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A Visual Guide to 700 MHz

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Here is how the 700 MHz band fits with the existing major bands in the US:

The "700 MHz band" is actually two bands: Upper 700 MHz and Lower 700 MHz. Each has its own set of blocks. That means you need to be careful when talking about the 700 MHz "C Block", for example, because there are two different "C Blocks": one in Upper 700, and one in Lower 700.

To make it even more confusing, the FCC auction that just concluded - Auction 73 - included a mix of blocks from both Upper 700 and Lower 700 MHz bands.

Prior to the recent Auction 73, there were Auctions 44 and 49. These saw the Lower 700 MHz blocks C and D auctioned off. Auction 44 was a first attempt, but didn't go very well, requiring Auction 49 to finish the process.

By the time Auction 49 was over, a variety of small no-name companies had grabbed various Lower C block licenses, and Qualcomm had grabbed the Lower D block nationwide.

Qualcomm currently uses the Lower D block for its MediaFLO mobile TV service for Verizon, and soon AT&T.

The Lower 700 D and E blocks are unpaired - shown above in purple. Unpaired means it is one continuous block of spectrum, ideal for one-way broadcasting (as Qualcomm does with MediaFLO.)

The alternative to unpaired is paired, meaning there are two separate bands: one for towers to transmit to phones, and one for phones to transmit back to towers. Most popular mobile phone technologies are designed to work with paired spectrum. As you can see above, the Lower 700 A, B, and C blocks are paired, as are the Upper 700 C and D blocks.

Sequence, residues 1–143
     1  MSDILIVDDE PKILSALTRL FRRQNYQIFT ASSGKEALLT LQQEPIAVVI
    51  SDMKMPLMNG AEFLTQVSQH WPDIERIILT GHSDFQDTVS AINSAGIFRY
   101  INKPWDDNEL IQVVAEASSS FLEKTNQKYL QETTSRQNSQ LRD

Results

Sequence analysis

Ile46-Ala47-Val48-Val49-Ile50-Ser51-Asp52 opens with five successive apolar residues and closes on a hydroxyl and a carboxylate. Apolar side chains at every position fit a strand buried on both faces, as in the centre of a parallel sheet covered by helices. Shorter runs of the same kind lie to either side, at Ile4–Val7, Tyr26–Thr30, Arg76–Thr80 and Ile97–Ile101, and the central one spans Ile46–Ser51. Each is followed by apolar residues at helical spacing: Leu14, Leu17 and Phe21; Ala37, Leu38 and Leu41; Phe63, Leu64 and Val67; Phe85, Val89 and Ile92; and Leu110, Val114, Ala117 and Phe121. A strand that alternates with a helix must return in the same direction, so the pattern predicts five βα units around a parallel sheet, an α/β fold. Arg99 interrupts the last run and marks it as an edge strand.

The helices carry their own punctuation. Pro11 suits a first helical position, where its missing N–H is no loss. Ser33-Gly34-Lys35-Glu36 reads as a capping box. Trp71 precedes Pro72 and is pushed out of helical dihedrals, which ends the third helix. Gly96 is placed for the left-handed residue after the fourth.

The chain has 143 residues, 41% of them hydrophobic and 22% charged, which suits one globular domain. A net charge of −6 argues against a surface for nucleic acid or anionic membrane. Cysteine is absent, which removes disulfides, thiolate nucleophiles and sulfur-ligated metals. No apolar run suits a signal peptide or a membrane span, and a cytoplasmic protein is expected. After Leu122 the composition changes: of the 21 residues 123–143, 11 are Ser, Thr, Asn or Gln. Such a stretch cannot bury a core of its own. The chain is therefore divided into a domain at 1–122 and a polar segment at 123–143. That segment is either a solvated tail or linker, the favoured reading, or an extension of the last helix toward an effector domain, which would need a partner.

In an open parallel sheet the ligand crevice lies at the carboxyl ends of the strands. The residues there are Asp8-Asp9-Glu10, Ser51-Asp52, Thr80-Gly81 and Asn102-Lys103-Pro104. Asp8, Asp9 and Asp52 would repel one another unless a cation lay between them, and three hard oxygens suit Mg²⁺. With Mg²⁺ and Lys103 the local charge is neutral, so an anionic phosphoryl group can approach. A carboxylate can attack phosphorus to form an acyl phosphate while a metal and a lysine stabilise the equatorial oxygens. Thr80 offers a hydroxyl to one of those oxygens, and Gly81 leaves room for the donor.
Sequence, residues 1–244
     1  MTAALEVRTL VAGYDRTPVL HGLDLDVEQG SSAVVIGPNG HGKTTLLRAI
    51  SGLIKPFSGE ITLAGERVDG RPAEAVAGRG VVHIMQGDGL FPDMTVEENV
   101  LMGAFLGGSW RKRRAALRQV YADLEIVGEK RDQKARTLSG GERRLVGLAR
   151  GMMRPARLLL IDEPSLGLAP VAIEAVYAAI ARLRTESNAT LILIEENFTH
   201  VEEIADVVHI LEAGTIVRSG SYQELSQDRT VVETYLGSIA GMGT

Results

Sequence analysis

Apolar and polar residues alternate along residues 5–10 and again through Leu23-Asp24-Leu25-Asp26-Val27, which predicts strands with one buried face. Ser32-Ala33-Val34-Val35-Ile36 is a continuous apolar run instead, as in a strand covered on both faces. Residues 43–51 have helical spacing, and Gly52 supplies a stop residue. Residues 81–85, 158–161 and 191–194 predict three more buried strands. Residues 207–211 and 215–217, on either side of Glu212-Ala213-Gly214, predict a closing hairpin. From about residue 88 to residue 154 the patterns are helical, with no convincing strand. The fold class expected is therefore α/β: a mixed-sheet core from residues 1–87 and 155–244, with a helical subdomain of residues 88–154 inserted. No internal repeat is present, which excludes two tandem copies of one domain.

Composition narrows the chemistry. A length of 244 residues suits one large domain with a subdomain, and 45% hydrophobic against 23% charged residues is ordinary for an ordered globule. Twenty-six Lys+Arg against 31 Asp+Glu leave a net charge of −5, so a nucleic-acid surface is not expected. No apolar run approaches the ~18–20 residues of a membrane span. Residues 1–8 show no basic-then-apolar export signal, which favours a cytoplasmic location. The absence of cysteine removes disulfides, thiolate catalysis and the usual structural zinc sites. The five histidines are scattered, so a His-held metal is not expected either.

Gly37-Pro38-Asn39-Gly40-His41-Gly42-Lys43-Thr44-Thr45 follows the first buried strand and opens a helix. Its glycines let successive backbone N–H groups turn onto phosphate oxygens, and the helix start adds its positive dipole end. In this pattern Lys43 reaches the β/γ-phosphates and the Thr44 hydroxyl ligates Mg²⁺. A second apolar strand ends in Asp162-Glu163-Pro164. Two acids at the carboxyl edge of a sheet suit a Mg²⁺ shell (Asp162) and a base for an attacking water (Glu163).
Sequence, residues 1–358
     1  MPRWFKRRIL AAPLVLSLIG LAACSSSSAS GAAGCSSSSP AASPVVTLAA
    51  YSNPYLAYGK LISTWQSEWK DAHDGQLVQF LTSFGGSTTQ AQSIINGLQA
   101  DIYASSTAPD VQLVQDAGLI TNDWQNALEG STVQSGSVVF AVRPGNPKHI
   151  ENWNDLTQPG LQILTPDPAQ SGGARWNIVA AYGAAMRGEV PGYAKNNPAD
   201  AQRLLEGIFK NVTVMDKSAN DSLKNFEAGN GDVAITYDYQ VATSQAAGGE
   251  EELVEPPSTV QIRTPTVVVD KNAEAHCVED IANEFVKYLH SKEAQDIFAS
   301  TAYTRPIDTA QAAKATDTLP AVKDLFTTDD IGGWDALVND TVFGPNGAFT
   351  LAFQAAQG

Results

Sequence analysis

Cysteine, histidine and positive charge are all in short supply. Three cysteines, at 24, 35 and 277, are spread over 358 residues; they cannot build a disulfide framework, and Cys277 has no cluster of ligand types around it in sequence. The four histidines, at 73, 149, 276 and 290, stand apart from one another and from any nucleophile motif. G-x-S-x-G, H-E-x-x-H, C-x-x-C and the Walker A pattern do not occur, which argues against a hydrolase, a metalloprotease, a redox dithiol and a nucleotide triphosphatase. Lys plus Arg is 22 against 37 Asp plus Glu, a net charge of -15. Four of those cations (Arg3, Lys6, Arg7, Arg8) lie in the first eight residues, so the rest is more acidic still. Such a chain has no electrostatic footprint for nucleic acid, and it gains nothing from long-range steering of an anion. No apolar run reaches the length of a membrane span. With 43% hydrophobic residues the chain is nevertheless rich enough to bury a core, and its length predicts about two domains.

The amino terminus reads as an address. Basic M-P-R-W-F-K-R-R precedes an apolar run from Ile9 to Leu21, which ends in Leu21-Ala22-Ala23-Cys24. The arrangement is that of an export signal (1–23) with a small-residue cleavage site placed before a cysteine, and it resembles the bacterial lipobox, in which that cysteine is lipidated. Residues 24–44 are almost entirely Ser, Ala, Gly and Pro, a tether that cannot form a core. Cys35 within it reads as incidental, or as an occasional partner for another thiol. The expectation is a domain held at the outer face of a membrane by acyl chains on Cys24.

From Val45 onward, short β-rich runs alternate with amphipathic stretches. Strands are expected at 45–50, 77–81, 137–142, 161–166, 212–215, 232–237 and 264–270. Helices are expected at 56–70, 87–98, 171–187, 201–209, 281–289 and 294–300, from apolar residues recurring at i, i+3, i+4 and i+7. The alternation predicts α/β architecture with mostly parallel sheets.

The Upper 700 MHz band also includes some very narrow paired bands, shown above in light gray. These are the Upper 700 A and B blocks. They're so small, though (1 MHz in each direction,) that they're not useful for mobile phone service. In slightly darker gray are blocks reserved for public safety radio systems.

Auction 73 included the Lower 700 blocks A, B, and E, plus Upper 700 blocks C and D.

Aside from the paired versus unpaired issue, the Lower 700 MHz blocks are all standard fare. The Upper 700 blocks, though, come with strings attached.

The Upper C block has "open access" rules that require the license holder to allow third-party devices and applications to use the network built using that spectrum. This was quite a controversial issue when the rules were being drafted for this band, but in late 2007 - right before Auction 73 - the whole industry magically embraced open access, and has even started to compete on just how "open" they can be. Of course this didn't happen until the FCC was about to force it on them.

The Upper D block had special rules attached that would require the spectrum to be shared with public safety. A number of things went wrong with this plan, and there are even accusations of fraud, although that's beyond the scope of this article. What's important for now is that the reserve price was not met, so the Upper D block was not sold in Auction 73. The FCC is in the process of reviewing various options and will probably re-auction that block at a later date.


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